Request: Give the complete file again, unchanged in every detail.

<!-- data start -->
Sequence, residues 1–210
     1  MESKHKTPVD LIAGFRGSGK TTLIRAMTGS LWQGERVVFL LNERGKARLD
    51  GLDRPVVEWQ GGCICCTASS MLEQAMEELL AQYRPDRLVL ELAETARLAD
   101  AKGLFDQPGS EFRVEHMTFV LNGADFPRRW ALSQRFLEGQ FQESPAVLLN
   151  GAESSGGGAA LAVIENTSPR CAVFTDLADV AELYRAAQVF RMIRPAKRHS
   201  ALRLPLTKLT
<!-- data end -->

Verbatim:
Sequence, residues 1–210
     1  MESKHKTPVD LIAGFRGSGK TTLIRAMTGS LWQGERVVFL LNERGKARLD
    51  GLDRPVVEWQ GGCICCTASS MLEQAMEELL AQYRPDRLVL ELAETARLAD
   101  AKGLFDQPGS EFRVEHMTFV LNGADFPRRW ALSQRFLEGQ FQESPAVLLN
   151  GAESSGGGAA LAVIENTSPR CAVFTDLADV AELYRAAQVF RMIRPAKRHS
   201  ALRLPLTKLT